Keith,

 

Read the credits in the camera department section. You will see the job title:digital imaging technician: aerial unit UK. Dan Mindel is a pro-film guy. There are film loaders listed, but no DIT's for the principal photography.I am willing to be that RED and ALEXA were used for aerial unit and some 2nd unit work.


Edited by James Compton, 14 April 2013 - 12:26 PM.

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#13 John Holland

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Posted 14 April 2013 - 12:33 PM

James are sure you are correct maybe just for some back ground plates ,which a Epic seems to be used on. Dont know why Alexa ,but it is IMBD not that reliable .


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#14 Daniel Singer

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Posted 14 April 2013 - 01:23 PM

 
 
200% agree. It seems that 15 years into the "digital Cinematography" "revolution" people still don't get that if an overloaded  pixel is recorded as 11 1111 1111 it stays at 11 1111 1111 for whatever length of time the Human race can continue to display it. You can massively overexpose film, to the point where it looks completely opaque, but if you put enough light into it, you can still pull out a workable image. Now, that may only apply to less than 1% of the exposed image, but, that 1% percent makes all the difference. Once you've overexposed a pixel in a video camera, no amount of post jiggery-pokery is ever going to restore it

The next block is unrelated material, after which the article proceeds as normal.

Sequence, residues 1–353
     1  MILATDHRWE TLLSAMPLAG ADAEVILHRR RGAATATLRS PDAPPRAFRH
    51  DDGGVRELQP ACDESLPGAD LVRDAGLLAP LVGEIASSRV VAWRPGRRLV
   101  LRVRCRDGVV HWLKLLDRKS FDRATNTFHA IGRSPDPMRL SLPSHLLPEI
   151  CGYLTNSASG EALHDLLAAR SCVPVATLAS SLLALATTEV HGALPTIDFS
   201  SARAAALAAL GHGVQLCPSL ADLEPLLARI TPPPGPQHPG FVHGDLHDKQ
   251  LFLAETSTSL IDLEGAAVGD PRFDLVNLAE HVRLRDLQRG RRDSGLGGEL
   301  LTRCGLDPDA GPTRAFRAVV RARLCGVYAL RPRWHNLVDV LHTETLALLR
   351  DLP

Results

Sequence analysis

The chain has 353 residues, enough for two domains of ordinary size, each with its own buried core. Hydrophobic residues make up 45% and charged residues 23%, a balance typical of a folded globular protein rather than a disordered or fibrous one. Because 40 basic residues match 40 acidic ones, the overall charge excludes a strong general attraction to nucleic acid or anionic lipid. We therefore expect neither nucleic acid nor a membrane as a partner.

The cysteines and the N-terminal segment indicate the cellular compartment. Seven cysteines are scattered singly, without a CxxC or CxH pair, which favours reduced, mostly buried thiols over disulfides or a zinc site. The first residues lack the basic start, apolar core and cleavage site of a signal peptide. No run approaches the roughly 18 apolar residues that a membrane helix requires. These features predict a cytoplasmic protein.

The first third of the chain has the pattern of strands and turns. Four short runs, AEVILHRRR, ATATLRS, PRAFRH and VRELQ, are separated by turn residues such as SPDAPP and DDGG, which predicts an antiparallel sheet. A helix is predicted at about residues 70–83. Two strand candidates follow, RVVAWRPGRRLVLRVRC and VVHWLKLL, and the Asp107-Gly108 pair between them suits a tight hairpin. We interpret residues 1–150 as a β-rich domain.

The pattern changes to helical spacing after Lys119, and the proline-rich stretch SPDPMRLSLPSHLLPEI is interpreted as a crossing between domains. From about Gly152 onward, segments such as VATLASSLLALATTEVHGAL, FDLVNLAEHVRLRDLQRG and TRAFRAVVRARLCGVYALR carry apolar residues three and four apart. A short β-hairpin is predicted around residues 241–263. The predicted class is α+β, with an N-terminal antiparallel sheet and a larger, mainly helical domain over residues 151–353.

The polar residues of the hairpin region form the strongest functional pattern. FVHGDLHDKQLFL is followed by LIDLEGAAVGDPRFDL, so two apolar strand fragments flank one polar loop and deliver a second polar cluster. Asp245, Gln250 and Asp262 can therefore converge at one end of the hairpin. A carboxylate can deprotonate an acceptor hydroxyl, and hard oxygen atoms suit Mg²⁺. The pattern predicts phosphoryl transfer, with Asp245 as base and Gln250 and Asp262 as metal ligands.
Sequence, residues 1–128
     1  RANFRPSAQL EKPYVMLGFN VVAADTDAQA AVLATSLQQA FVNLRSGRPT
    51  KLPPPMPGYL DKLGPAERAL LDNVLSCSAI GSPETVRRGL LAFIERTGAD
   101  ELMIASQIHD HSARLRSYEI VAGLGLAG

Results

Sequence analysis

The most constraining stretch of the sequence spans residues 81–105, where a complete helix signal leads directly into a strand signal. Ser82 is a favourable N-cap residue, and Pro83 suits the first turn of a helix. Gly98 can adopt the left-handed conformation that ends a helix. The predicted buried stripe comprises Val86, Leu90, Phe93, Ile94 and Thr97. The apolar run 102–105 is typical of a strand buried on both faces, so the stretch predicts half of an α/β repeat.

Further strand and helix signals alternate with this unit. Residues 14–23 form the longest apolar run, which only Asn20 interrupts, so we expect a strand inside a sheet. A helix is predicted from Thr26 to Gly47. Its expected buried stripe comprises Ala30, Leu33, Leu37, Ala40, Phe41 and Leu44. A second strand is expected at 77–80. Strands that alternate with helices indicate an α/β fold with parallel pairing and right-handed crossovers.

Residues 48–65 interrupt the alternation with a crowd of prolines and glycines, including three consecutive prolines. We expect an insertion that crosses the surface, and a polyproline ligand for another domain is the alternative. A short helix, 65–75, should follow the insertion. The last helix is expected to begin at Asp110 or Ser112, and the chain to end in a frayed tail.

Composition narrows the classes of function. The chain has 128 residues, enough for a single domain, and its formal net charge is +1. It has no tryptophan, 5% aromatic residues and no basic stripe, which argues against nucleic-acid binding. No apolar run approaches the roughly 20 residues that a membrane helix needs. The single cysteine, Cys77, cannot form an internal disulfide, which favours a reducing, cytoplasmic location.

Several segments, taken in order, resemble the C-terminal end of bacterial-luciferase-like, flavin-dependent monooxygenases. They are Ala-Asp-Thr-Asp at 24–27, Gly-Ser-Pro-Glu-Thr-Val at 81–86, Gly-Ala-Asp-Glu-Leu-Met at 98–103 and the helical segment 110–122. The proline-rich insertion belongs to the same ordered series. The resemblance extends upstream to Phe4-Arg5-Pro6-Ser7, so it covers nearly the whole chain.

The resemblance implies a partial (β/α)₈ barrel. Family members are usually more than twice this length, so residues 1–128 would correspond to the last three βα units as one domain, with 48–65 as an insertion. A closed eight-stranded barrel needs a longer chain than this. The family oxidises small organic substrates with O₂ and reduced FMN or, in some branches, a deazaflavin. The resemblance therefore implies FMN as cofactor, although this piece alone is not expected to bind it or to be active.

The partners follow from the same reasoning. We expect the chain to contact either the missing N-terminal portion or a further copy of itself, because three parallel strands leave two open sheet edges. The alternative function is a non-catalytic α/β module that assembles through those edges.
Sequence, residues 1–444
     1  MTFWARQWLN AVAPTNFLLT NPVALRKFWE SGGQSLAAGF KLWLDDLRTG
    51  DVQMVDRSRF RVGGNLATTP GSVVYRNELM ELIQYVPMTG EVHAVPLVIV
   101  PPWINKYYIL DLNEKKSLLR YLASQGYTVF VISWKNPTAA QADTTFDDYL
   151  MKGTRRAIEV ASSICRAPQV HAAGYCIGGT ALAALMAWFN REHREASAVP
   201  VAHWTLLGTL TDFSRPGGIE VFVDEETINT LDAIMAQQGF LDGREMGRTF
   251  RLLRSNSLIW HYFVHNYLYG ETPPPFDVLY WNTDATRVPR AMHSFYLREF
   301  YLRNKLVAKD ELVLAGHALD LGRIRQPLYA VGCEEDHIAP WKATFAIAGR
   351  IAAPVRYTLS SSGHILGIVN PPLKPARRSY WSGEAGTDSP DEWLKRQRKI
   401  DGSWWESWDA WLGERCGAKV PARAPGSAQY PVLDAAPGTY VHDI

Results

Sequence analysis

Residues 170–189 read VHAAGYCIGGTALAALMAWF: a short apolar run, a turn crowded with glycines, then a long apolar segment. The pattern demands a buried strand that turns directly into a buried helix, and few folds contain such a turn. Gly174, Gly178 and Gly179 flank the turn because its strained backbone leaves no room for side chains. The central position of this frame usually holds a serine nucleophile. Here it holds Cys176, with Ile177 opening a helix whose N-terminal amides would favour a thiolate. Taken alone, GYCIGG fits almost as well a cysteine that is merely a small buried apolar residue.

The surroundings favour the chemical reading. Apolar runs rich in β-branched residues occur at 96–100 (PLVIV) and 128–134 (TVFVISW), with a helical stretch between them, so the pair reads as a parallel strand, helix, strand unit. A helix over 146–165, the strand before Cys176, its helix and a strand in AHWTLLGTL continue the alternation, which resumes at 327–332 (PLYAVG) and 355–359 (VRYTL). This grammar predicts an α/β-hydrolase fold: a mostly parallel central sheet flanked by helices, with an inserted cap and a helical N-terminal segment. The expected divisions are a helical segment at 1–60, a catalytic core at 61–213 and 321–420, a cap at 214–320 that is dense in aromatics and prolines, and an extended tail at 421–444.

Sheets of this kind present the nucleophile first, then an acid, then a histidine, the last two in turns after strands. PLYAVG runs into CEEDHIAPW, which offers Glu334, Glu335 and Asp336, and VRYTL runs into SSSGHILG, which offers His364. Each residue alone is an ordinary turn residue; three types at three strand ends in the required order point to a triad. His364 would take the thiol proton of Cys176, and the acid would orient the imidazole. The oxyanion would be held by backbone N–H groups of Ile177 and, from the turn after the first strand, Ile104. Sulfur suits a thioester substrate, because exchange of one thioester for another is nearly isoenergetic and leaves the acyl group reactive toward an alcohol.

Shooting RAW makes absolutely SFA difference if the STILL EXTREMELY ANALOG photodiode gets saturated by a highlight. It doesn't matter if you have 16 bit capture either;  1111 1111 1111 1111 is always going to come out as 1111 1111 1111 1111 in Post (if you have anything that fancy) or 11 1111 1111 in 10 bit log or 1111 1111 on a DVD or digital TV. 
 
Also 3,000 f*cking lines is not the same thing as "3K"! You need a 6K sensor to resolve 3,000 analog lines, and Sony are FAR MORE CORRECTLY referring to the F65 as a "4K" camera.


Agree with you on that, no need to get a little rude... What I ment were not the clipped highlights but rather the lifeless looking skin tones. Clipped highlights can not be pulled back, thats clear to me, but lifeless looking skin tones you can easily change in the DI, so maybe these skin tones are wanted the way they are??
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#15 Daniel Klockenkemper

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Posted 14 April 2013 - 02:30 PM